Florida To Set Race-Based Academic Goals

Florida's new education policy essentially assumes that minority students cannot do as well as their peers. That's a mistake.

The State of Florida is apparently going forward with a plan that will create differing academic goals for students based on their race:

The Florida State Board of Education passed a plan that sets goals for students in math and reading based upon their race.

On Tuesday, the board passed a revised strategic plan that says that by 2018, it wants 90 percent of Asian students, 88 percent of white students, 81 percent of Hispanics and 74 percent of black students to be reading at or above grade level. For math, the goals are 92 percent of Asian kids to be proficient, whites at 86 percent, Hispanics at 80 percent and blacks at 74 percent. It also measures by other groupings, such as poverty and disabilities, reported the Palm Beach Post.

To expect less from one demographic and more from another is just a little off-base,” Juan Lopez, magnet coordinator at John F. Kennedy Middle School in Riviera Beach, told the Palm Beach Post.

JFK Middle has a black student population of about 88 percent.

“Our kids, although they come from different socioeconomic backgrounds, they still have the ability to learn,” Lopez said. “To dumb down the expectations for one group, that seems a little unfair.”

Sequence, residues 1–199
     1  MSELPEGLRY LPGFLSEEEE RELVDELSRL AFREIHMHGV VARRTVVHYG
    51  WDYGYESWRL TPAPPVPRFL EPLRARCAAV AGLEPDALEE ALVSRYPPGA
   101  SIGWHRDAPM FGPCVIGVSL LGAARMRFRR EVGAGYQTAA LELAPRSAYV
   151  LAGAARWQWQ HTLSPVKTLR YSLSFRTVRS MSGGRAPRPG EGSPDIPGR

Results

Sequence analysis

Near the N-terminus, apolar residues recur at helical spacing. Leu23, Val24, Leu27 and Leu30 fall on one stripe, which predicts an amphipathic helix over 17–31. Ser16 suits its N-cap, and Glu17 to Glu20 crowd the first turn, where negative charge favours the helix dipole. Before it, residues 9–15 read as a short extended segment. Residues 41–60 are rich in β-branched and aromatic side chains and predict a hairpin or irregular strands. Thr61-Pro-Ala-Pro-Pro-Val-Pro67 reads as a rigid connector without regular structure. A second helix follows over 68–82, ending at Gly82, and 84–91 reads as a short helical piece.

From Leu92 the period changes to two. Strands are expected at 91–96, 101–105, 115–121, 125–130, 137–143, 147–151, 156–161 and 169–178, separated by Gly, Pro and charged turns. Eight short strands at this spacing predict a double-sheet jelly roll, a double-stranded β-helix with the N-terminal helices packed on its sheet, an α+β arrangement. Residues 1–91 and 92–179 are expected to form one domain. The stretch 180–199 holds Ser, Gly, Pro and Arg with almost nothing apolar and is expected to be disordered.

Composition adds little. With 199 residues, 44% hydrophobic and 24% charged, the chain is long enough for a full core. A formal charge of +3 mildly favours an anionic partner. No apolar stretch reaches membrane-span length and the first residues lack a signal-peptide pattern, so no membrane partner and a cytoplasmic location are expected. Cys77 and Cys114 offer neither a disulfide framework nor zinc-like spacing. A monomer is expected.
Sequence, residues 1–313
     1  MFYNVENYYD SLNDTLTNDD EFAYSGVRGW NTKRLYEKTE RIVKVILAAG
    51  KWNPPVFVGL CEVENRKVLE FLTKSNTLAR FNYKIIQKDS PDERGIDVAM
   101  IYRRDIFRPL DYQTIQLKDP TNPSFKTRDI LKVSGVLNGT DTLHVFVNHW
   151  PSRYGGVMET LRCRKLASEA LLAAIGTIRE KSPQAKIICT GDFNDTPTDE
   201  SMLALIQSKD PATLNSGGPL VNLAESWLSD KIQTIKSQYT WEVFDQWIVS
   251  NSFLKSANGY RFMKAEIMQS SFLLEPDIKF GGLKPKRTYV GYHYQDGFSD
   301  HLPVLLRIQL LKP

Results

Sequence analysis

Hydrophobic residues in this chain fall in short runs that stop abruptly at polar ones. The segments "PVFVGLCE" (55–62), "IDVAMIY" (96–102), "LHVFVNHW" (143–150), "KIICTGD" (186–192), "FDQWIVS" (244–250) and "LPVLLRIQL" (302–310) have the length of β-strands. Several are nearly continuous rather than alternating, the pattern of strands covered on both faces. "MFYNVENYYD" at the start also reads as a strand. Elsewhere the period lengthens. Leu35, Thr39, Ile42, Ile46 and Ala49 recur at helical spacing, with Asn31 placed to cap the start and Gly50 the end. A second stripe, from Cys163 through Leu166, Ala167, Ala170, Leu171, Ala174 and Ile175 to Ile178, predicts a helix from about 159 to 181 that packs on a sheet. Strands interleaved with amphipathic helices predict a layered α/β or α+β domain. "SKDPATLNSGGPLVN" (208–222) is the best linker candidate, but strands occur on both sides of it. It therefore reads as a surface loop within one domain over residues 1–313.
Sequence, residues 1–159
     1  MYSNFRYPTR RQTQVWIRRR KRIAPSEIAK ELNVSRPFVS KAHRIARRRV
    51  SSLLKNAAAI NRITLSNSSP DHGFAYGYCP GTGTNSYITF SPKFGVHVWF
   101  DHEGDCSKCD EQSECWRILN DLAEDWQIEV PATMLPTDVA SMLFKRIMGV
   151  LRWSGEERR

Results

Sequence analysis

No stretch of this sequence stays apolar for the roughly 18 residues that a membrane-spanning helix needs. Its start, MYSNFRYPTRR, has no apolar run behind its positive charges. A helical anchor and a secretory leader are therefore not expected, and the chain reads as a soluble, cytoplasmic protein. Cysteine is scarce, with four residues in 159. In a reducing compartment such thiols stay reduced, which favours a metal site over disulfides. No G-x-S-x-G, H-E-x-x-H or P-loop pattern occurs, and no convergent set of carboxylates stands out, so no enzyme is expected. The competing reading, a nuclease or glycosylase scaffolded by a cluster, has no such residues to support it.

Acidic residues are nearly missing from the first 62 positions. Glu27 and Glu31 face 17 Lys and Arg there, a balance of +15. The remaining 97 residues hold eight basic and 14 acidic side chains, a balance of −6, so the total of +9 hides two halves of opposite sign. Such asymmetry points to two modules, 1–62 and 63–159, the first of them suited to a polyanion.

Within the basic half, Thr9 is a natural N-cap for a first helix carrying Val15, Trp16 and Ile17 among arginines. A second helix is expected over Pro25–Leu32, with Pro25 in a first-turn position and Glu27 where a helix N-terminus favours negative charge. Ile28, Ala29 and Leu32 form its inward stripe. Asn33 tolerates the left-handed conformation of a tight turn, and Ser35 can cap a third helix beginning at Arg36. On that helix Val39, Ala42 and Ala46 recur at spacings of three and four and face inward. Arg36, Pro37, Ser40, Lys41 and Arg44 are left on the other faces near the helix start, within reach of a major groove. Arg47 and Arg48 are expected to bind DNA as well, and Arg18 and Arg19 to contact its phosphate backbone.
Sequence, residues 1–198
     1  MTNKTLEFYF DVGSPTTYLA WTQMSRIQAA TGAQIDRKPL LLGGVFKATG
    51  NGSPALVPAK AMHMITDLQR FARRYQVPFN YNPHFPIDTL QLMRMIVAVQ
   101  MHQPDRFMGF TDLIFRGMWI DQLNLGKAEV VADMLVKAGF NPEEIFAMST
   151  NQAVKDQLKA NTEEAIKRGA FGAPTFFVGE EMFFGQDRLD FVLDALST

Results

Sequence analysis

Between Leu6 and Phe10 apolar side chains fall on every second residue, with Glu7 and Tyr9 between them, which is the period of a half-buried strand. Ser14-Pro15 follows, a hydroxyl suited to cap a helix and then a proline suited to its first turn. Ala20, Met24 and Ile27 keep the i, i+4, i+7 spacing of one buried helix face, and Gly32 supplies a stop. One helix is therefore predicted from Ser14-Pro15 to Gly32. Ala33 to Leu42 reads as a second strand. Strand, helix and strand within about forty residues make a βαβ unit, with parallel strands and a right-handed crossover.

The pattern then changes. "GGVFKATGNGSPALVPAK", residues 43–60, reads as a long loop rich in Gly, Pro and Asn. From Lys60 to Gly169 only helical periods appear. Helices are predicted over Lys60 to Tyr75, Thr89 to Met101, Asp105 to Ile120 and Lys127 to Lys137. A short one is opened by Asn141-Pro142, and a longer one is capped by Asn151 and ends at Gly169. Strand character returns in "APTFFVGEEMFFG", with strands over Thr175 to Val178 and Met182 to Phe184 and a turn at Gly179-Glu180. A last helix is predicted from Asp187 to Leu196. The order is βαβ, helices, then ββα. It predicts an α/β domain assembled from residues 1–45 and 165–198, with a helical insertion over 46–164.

Not just unfair, it seems counterproductive and almost as if you’re returning to some kind of form of quasi-integration where poor minority students are just going to be assumed to be less intelligent than their counterparts. While I’m no education expert, that doesn’t strike me as the kind of policy that is going to have any chance of actually helping these students. Instead, Florida seems to be resigned to just pushing them along through the school system by assuming they cannot possibly measure up to the academic levels of their peers, and then handing them a High School Diploma at the end of the process that will be of questionable value because it won’t represent the same level of academic achievement as the ones given to other students for whom greater academic success was demanded. How, exactly, does that help these students break out of the situation that they are in? It seems to me that all it really does is guarantee that they’ll be stuck where they are, and given very little hope that they’ll ever be able to make anything better of themselves.